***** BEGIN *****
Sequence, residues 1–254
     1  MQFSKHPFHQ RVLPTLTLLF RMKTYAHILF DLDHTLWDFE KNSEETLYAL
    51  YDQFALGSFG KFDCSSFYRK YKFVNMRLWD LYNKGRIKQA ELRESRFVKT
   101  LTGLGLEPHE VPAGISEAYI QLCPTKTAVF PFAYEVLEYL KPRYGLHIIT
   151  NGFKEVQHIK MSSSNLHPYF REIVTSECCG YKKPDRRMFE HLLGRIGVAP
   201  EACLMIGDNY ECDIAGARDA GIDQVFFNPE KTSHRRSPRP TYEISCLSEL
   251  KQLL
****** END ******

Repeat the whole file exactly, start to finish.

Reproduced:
Sequence, residues 1–254
     1  MQFSKHPFHQ RVLPTLTLLF RMKTYAHILF DLDHTLWDFE KNSEETLYAL
    51  YDQFALGSFG KFDCSSFYRK YKFVNMRLWD LYNKGRIKQA ELRESRFVKT
   101  LTGLGLEPHE VPAGISEAYI QLCPTKTAVF PFAYEVLEYL KPRYGLHIIT
   151  NGFKEVQHIK MSSSNLHPYF REIVTSECCG YKKPDRRMFE HLLGRIGVAP
   201  EACLMIGDNY ECDIAGARDA GIDQVFFNPE KTSHRRSPRP TYEISCLSEL
   251  KQLL